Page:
Effects of simvastatin withdrawal on serum matrix metalloproteinases in hypercholesterolaemic patients

C. Y. Huang, T. C. Wu, W. T. Lin, H. B. Leu, C. P. Lin, S. J. Lin, J. W. Chen

Research output: Contribution to journalArticle

21 Citations (Scopus)

Abstract

Background: Serum matrix metalloproteinase (MMP) levels have been related to clinical outcomes in patients with coronary artery disease. Though statin treatment might reduce serum MMPs the change of levels after statin withdrawal remains obscure. Materials and method: Sixty-one consecutive hypercholesterolaemic patients whose lipid profiles had been well controlled by regular simvastatin (20 mg day-1) treatment for more than 6 months were enrolled. Statin was discontinued after their lipid profiles reached the treatment goal of the ATP-III guideline. The lipid profiles, serum MMP-2, MMP-3 and MMP-9, tissue inhibitor of MMP and highly sensitive C-reactive protein (hsCRP) levels were measured on the day of simvastatin withdrawal and 120 days later. A further 50 hyperlipidaemia patients who had never received statin treatment (positive control group) and 28 healthy patients with normal lipid profiles (negative control group) were also studied as control groups. Results: While the lipid profiles had been normalized, the levels of serum inflammatory markers were still higher in hypercholesterolaemic patients than in the healthy subjects. Up to 120 days after statin withdrawal there was no coronary event, but the lipid profiles and serum hsCRP levels had significantly rebounded in study patients. However, serum MMP-2 and MMP-9 levels remained unchanged and the MMP-3 level was even further reduced after statin withdrawal (115.04 ± 84.54 vs. 92.71 ± 66.71 ng mL-1, P = 0.022). Moreover, the amplitudes of variation (%) of each parameter including MMPs, TIMP, hsCRP and lipid profiles after statin withdrawal were inversely correlated to their respective baseline levels before withdrawal (r = -0.702 to -0.284; P <0.005). Conclusions: The effects of short-term discontinuation of statin were different on serum hsCRP and MMPs levels in hypercholesterolaemic patients. While lipid profiles and serum hsCRP level had rebounded the serum MMPs levels were still unchanged, or even reduced, suggesting the prolonged effect of statin treatment, especially on serum MMP-3 level up to 120 days after simvastatin withdrawal. Further work is required to clarify the situation both in terms of these serum markers and clinical effects.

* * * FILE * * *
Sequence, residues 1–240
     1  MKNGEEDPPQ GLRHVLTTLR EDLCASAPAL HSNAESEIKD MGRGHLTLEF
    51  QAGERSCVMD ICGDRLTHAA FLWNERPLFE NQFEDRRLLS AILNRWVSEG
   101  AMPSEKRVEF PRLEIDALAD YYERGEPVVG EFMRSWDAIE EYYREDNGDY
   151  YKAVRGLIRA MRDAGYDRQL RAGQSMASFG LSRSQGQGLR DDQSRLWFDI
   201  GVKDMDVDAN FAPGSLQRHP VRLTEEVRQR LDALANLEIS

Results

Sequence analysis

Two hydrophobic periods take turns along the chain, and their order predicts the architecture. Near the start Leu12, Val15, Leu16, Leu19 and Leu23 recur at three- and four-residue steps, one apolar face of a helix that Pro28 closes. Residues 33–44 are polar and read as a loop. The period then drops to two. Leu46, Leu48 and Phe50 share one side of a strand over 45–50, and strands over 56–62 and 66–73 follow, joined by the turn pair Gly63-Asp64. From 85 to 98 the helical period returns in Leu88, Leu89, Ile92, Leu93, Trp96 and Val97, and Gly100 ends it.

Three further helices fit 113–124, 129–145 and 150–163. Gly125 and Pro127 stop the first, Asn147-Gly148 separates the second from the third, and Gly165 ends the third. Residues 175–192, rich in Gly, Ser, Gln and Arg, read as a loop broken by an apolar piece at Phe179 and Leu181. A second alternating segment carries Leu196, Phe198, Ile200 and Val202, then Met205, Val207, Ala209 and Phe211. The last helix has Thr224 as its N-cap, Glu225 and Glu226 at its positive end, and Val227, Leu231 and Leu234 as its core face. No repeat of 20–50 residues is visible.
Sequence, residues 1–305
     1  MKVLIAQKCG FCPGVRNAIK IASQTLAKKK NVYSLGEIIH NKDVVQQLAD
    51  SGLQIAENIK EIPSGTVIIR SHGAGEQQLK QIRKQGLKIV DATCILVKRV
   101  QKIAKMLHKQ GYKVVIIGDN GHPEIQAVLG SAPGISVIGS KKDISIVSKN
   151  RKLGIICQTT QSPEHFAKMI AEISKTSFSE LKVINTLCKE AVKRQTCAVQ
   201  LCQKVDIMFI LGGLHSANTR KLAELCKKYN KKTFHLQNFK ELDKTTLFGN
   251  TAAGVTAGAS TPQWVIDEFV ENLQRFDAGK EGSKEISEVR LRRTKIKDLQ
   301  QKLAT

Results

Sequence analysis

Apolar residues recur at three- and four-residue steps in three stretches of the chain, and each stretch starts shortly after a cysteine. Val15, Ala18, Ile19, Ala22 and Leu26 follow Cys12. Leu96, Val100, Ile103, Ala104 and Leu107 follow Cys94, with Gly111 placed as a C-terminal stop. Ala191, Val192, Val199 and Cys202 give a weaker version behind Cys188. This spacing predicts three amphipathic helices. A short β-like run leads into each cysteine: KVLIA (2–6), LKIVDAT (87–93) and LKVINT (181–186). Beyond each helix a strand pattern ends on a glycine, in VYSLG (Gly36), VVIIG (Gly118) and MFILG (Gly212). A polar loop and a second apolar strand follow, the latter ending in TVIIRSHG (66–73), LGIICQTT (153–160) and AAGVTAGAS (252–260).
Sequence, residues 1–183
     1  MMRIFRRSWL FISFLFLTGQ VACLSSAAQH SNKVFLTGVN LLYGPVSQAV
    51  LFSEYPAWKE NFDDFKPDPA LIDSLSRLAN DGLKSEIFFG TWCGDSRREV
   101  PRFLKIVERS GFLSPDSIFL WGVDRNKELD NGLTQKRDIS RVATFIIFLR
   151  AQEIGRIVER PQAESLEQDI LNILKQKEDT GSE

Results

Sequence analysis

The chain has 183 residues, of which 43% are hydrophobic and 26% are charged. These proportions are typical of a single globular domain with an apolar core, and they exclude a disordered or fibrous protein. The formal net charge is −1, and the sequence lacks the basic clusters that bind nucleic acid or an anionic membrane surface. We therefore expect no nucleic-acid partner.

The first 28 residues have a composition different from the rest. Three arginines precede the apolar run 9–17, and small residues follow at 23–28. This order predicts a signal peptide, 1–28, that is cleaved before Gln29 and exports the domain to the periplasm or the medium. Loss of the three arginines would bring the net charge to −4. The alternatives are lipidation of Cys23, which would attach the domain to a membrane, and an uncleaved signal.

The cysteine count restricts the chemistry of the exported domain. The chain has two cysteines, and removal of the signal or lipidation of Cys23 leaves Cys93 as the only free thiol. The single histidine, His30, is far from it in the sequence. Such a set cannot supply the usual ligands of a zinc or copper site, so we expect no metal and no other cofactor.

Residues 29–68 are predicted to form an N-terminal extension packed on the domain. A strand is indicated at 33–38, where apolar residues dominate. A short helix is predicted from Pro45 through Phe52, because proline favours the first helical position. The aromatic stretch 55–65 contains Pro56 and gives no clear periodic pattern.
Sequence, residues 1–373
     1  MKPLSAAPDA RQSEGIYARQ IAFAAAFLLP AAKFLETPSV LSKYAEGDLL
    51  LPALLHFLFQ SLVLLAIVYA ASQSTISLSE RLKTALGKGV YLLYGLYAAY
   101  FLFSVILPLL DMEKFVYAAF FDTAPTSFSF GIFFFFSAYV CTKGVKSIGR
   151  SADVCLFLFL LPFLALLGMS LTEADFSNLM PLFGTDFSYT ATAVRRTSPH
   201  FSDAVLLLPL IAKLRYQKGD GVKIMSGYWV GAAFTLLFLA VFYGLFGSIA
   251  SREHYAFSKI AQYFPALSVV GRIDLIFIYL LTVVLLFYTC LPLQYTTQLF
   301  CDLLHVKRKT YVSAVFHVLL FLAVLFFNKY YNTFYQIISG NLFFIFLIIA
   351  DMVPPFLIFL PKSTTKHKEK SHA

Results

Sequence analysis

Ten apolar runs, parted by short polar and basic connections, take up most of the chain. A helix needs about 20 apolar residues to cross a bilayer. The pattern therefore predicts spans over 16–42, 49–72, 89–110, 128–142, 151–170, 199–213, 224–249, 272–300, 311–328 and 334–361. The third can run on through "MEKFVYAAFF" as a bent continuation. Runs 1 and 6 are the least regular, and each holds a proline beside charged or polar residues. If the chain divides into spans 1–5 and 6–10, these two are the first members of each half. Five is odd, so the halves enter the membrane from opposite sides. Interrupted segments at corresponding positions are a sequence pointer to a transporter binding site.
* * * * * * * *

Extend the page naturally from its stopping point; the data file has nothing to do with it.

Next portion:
Original languageEnglish
Pages (from-to)76-84
Number of pages9
JournalEuropean Journal of Clinical Investigation
Volume36
Issue number2
DOIs
Publication statusPublished - Feb 2006
Externally publishedYes

Fingerprint

Hydroxymethylglutaryl-CoA Reductase Inhibitors
Simvastatin
Matrix Metalloproteinases
Lipids
C-Reactive Protein
Serum
Matrix Metalloproteinase 3
Matrix Metalloproteinase 2
Matrix Metalloproteinase 9
Control Groups
Biomarkers
Therapeutics
Tissue Inhibitor of Metalloproteinases
Matrix Metalloproteinase Inhibitors
Hyperlipidemias
Coronary Artery Disease
Healthy Volunteers
Adenosine Triphosphate
Guidelines
Tissue

Keywords

  • Highly sensitive C-reactive protein
  • Matrix metalloproteinase
  • Statin
  • Tissue inhibitor of MMP
  • Withdrawal

ASJC Scopus subject areas

  • Medicine(all)

Cite this

Effects of simvastatin withdrawal on serum matrix metalloproteinases in hypercholesterolaemic patients. / Huang, C. Y.; Wu, T. C.; Lin, W. T.; Leu, H. B.; Lin, C. P.; Lin, S. J.; Chen, J. W.

In: European Journal of Clinical Investigation, Vol. 36, No. 2, 02.2006, p. 76-84.

Research output: Contribution to journalArticle